UIC Urban Farming 101

Projected timeline: 1-2 years

Potential budget: $20,000-$30,000

A university campus is a place where students should learn real-world experiences and skills in their discipline. A great way of exercising these skills is through school programs that combine several different disciplines into one program. Programs are made possible through contributions from tuition fees such as UIC’s Sustainability Fee. According to UIC’s Office of Sustainability’s website, a $3 fee per student generates approximately $120,000 for one academic year, and this funds several proposals that aid in creating a sustainable campus.

Farming and sustainable food production has always been the key to the survival and growth of human society. UIC currently has a small urban gardening program under the UIC sustainability fee. It’s average annual budget, according to the UIC sustainability fee reports, is about $60,000. With this current budget, I believe that my proposition could be integrated into the same program.

I am proposing that the Sustainability Department explore this program further to be expanded to evolve into UIC’s very own small urban farm on campus. UIC’s East Campus has several open fields that can be potential candidates for farming use.

On the interactive map below I have outlined possible sites that could work. All measurements are estimates that are based on Google Maps’s scale.

What can a small 1/4 acre farm produce?

In the Backyard Homestead, an example of a 1/4 acre farm is highlighted to explain how small farms can produce a good harvest. The author estimates the following harvest:

  • 50lbs of wheat
  • 280lbs of pork
  • 120 carton of eggs
  • 100lbs of honey
  • 25-75lbs of nuts
  • 600lbs of fruit
  • 2000+lbs of vegetables

These numbers are based on the book’s plan for a 1/4 acre farm pictured below(p.14):

66d894135f640f6383c1233d4f37221c

*note: The number of vegetable beds is limited by the presence of a home directly on land. More beds could be created to produce higher yields.

The possibilities of what can be learned and gained from having a sustainable farm on campus are endless. There could be several benefits from starting a small Urban farm which include: Education among different disciplines, economic development, community involvement, and healthier locally grown food options for students.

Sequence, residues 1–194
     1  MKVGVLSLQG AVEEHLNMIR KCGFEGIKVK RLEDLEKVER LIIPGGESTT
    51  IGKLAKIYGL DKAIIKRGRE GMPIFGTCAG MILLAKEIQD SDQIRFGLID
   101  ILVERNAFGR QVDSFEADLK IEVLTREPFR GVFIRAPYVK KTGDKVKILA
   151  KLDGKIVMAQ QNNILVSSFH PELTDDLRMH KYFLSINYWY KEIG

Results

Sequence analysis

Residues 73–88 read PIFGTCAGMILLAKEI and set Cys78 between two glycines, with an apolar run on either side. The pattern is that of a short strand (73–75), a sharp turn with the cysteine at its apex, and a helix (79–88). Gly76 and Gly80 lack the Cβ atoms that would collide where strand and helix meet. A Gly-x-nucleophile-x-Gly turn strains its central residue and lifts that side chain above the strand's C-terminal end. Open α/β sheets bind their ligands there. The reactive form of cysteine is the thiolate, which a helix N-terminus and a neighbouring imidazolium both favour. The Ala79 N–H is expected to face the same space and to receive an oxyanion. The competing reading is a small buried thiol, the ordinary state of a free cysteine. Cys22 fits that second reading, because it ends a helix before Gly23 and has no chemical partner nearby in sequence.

Here is a quick description of what the potential benefits could be:

EDUCATION

  • An urban farm can host education in different disciplines.
    • Urban planning and sustainability studies.
      • Teach students in the field more about city planning, design, and land use for a sustainable urban environment.
    • Business
      • Teach students about entrepreneurship and starting businesses.
      • Teach students about managing a business’ finances and profit.
      • Teach students about marketing and selling a business’ product.
    • Sciences (earth, biology, chemistry, engineering)
      • Researching new ideas for creating efficient small scale urban farms.

Economic Development

  • The program could financially sustain itself if planned properly–opening up the Sustainability fee to fund other projects.
    • The produce from these gardens could be sold to surrounding businesses or private consumers or even students.
    • Other than raw produce, several products can be made using the harvest. (i.e. berry jam, prepared salads, salsa, canned tomatoes.)
  • The farm could be a foundation for starting a UIC Farmer’s Market.
    • This could attract community involvement.
      • It could bring people from the surrounding communities to support our sustainability initiative.
      • Could potentially bring other communities together to socialize.
  • We could use this as a model to help and support lower income communities create a healthy, affordable, and reliable food source in their communities.

There is no better way of teaching sustainability than through the use of programs that can sustain themselves.

https://sustainability.uic.edu/campus-resources/sustainability-fee/#FundedProjects

Madigan, Carleen, ed. The Backyard Homestead. North Adams, MA: Storey Pub., 2009. Print.

http://asi.ucdavis.edu/programs/sarep/publications/food-and-society/ualitreview-2013.pdf

 

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2 thoughts on “UIC Urban Farming 101

  1. This is very well sourced and would make UIC a lot more biologically diverse. I think there is lots of potential for this because of the different knowledge and skillsets to be learned from urban farms. I feel like the office of sustainability could grow and implement plenty of internships, gather economic gain, as well as figure out different ways to configure urban agriculture in these environments via experimentation in classes and organizations. Also, this could be a good opportunity for bees, and other bacteria and microbes to grow in the soil and replenish the environment around UIC. The amount of benefits and opportunities is endless.

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  2. The ideas are articulated well having a variety of uses that can to both the long term and the short term. The idea of an urban farm is talked about but should be put more into practice. There is a lot of unused space within cities that could be used for small farm plots. Showing the numbers helps put in perspective of what this can provide by using such a small amount of space. With the added note of including the education aspect can create and generate new ideas and real world experience just by have a place of interaction. As well as, the economic development point to create a sustainable idea to UIC can have long lasting effects on the area.

    Like

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